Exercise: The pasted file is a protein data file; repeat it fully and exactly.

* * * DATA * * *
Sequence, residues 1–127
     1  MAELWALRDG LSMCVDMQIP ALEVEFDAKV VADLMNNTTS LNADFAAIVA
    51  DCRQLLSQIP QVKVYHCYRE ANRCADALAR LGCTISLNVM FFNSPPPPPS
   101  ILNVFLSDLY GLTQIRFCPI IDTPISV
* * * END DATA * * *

Sequence, residues 1–127
     1  MAELWALRDG LSMCVDMQIP ALEVEFDAKV VADLMNNTTS LNADFAAIVA
    51  DCRQLLSQIP QVKVYHCYRE ANRCADALAR LGCTISLNVM FFNSPPPPPS
   101  ILNVFLSDLY GLTQIRFCPI IDTPISV